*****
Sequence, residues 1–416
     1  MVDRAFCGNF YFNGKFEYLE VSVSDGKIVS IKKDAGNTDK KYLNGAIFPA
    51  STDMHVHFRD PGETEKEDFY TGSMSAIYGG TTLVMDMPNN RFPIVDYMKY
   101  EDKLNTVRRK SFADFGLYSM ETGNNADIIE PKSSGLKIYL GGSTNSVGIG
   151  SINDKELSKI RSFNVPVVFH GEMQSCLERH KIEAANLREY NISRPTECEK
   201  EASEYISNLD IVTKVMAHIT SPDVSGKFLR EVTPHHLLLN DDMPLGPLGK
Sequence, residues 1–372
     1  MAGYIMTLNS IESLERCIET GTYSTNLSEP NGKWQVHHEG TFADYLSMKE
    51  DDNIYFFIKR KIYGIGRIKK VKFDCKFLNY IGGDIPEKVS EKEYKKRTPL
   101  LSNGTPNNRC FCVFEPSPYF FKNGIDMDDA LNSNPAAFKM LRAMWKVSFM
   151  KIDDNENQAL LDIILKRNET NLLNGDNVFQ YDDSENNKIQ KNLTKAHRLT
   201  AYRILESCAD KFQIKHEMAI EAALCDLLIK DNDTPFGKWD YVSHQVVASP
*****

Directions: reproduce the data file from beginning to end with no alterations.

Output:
Sequence, residues 1–416
     1  MVDRAFCGNF YFNGKFEYLE VSVSDGKIVS IKKDAGNTDK KYLNGAIFPA
    51  STDMHVHFRD PGETEKEDFY TGSMSAIYGG TTLVMDMPNN RFPIVDYMKY
   101  EDKLNTVRRK SFADFGLYSM ETGNNADIIE PKSSGLKIYL GGSTNSVGIG
   151  SINDKELSKI RSFNVPVVFH GEMQSCLERH KIEAANLREY NISRPTECEK
   201  EASEYISNLD IVTKVMAHIT SPDVSGKFLR EVTPHHLLLN DDMPLGPLGK
Sequence, residues 1–372
     1  MAGYIMTLNS IESLERCIET GTYSTNLSEP NGKWQVHHEG TFADYLSMKE
    51  DDNIYFFIKR KIYGIGRIKK VKFDCKFLNY IGGDIPEKVS EKEYKKRTPL
   101  LSNGTPNNRC FCVFEPSPYF FKNGIDMDDA LNSNPAAFKM LRAMWKVSFM
   151  KIDDNENQAL LDIILKRNET NLLNGDNVFQ YDDSENNKIQ KNLTKAHRLT
   201  AYRILESCAD KFQIKHEMAI EAALCDLLIK DNDTPFGKWD YVSHQVVASP